Making a difference in clients' lives

Making a difference in clients' lives

Wednesday, 1 May 2019

Having practised in family law for more than 25 years, panel practitioner and family lawyer Kay Martin of Martin Irwin & Richards Lawyers has spent much of her life immersed in family law.

‘I started my legal career as an articled clerk at what was then Blake and Riggall and subsequently moved to Mildura with my young family for a lifestyle change in the early eighties.

‘I worked for John Grigg Bruce Garde and then in partnership with Diana Duck and Cynthia Toose. Cynthia and I practiced together for ten years and then separated our practice. I subsequently merged my practice with Irwin and Richards to become Martin Irwin and Richards in 2001, and in 2009 I retired as a partner and have continued with the firm as a consultant.

‘I practise in the areas of family law and commercial law,’ said Kay.

As for what attracted her to legally aided work, Kay is pragmatic.

‘I like legal aid work, and particularly independent children’s lawyer (ICL) work, because if done well, you can seriously impact a client’s future quality of life for the better.

‘Family law is also a natural choice for female practitioners in country towns.

‘I started my career as a commercial lawyer and really enjoy commercial work, but family law gives you the opportunity to make a real difference in clients’ lives.

‘Alternatively, you only make a difference in the lives of commercial clients if you make a mistake!’

As with most lawyers, Kay’s days are predictably busy.

Image of Kay Martin
Family lawyer Kay Martin

‘As a country lawyer, my work revolves around Federal Circuit Court dates, and I service all areas of family law including ICL work, property and children’s cases.

‘We have three circuits a year in Mildura with property mediations in between, so there are always deadlines to meet, and most of them fall together.

‘Part of my role also involves mentoring young practitioners, which I find very rewarding.

‘I received the LIV President’s Mentor Award in 2010 and was honoured and humbled to be acknowledged.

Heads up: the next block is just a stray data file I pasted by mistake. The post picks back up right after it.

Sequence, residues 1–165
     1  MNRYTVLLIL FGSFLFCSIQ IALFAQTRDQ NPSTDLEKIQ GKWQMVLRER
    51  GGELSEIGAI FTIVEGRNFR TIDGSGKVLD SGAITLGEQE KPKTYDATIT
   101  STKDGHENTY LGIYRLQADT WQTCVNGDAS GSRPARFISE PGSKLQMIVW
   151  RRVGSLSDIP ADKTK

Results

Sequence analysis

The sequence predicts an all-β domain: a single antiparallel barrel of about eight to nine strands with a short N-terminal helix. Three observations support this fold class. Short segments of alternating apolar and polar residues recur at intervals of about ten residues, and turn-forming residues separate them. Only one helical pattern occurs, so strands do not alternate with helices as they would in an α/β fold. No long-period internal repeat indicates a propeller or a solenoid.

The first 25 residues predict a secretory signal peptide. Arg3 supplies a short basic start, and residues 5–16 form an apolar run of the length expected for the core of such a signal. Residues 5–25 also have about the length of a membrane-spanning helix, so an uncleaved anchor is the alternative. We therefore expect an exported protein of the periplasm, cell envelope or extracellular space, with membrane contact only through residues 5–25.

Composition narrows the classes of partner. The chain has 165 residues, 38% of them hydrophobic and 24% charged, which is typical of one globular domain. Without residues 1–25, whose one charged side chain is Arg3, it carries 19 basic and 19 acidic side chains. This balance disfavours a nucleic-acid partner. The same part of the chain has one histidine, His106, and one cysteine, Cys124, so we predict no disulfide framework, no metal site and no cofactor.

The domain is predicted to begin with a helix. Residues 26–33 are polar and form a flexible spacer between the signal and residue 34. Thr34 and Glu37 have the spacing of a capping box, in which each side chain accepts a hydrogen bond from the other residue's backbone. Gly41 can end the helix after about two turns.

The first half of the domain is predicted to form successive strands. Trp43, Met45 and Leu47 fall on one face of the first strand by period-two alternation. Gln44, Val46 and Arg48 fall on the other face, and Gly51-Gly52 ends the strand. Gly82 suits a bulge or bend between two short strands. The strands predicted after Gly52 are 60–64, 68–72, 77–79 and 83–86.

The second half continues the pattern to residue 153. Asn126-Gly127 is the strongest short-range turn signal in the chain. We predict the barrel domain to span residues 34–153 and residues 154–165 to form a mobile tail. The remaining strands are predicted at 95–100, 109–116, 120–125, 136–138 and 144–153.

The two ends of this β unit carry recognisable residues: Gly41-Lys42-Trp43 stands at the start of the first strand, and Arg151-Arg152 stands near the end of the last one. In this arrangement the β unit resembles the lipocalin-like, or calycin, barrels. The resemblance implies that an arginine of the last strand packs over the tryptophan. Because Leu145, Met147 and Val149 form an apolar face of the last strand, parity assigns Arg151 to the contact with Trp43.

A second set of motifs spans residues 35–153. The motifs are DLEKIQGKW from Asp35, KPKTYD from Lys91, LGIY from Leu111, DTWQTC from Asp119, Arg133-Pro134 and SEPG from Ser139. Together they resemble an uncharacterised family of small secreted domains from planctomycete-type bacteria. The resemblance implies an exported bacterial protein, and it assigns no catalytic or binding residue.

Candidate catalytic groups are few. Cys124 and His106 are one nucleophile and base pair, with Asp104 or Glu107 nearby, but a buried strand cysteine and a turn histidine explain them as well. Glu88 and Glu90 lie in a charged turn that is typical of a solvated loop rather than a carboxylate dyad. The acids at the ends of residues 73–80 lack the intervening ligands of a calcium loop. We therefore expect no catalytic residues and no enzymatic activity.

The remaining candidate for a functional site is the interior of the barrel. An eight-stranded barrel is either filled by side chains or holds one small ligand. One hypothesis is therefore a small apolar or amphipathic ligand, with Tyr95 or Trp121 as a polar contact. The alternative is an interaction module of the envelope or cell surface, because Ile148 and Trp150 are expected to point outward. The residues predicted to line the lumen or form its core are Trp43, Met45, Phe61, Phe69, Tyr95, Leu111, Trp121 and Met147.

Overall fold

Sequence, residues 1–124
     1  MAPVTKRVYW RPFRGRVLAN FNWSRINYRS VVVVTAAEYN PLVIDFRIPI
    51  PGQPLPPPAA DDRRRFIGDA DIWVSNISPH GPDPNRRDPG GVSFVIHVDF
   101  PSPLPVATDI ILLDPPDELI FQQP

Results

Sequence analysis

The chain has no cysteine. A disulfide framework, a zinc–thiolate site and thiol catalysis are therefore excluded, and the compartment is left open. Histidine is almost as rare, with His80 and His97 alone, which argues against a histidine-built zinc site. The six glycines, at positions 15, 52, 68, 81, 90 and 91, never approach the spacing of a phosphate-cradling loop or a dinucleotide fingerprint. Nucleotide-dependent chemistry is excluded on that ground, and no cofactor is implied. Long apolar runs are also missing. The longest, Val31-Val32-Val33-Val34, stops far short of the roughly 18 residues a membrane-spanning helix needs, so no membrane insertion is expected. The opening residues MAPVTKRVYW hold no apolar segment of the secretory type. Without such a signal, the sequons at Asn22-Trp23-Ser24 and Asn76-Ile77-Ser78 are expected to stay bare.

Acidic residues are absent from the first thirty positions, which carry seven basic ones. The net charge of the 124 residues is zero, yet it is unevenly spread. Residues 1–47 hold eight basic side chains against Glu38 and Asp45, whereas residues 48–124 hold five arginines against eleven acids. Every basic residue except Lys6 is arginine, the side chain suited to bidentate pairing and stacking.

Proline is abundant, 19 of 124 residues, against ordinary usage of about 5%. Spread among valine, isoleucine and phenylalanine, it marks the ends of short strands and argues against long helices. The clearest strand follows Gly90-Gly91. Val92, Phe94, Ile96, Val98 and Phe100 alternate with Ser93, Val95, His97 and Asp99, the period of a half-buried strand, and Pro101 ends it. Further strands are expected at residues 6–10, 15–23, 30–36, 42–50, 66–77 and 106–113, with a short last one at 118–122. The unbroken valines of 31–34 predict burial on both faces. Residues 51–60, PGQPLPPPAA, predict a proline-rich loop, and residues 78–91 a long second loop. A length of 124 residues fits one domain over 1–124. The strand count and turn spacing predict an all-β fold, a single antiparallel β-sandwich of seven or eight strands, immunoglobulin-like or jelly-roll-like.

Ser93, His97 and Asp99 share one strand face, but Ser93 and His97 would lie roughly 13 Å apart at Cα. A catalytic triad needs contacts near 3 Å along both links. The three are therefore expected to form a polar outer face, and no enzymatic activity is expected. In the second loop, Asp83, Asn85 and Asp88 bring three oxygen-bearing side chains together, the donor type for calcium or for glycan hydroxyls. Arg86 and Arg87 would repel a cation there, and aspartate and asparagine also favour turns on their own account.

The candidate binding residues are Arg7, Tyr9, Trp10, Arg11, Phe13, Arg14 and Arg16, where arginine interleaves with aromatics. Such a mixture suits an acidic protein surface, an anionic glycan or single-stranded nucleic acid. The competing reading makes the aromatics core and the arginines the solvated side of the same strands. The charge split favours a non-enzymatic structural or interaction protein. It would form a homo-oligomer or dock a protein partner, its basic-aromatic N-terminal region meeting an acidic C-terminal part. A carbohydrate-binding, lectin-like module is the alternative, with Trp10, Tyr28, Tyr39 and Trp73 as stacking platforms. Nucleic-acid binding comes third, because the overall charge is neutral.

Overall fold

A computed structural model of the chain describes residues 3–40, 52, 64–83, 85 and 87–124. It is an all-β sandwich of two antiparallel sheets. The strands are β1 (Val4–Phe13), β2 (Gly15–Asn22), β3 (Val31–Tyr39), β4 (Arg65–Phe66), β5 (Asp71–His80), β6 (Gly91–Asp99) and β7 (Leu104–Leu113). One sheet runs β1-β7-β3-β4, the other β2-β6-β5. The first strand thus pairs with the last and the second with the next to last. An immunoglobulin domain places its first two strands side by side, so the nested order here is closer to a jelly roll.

‘I especially appreciated all the nice things my proteges said about me, which I’m sure they would not have said on days when the pressure was on!’

Asked about what personal and professional attributes make a good family lawyer, and what advice she would give aspiring family lawyers, Kay doesn’t hesitate.

‘Tolerance, attention to detail, an ability to be objective, respect for the legal process and a desire to pursue your client’s interests while respecting your opponent are all vital qualities required to effectively represent your client.

‘I would also advise all aspiring lawyers to understand the people you act for and learn tolerance. Also, give sound legal advice and don’t tell people what they want to hear, rather, tell them what they need to know.’

As for the challenges of the role, Kay says time is always her biggest opponent.

‘The biggest challenge every day is finding the time to handle client demands, spending time listening to clients who may be distressed or intimidated by the legal process, responding to dozens of emails and then knuckling down and doing the actual legal work.

‘I also think that many parents today come from broken families themselves and lack basic parenting skills. Accordingly, family lawyers today are part lawyer, part counsellor and part Parenting 101 instructor.’

Pressed on why she does family law, Kay cites a number of every day examples.

‘It’s the 60-year-old housewife facing life as a single person with no income, parents with relocation issues where a lack of funds means a move by one parent will result in the other not seeing the children and children in ICL matters where there are problems with both parents.

‘Someone needs to represent these people’s interests on crucial life matters, and very often I’m it.’

Despite the hectic nature of her role, Kay knows she is doing important work that is making a difference in the community.

‘I have been a family lawyer for so long that some of my clients remind me I was their mother or father’s lawyer and tell me how their parents were grateful for my help, and the impact it had on their lives.

‘I always find this feedback humbling as it reinforces that we are dealing with matters that change client’s lives.

‘Ultimately, it can be hard to tell a client they will not get what they want, but helping them to achieve the best outcome they can, and guiding them through the process without exacerbating difficult family situations, can be the most rewarding aspect of the job,’ said Kay.

More information

Read more about the role of an Independent Children’s Lawyer.

Learn about applications for Independent Children’s Lawyer Panel.

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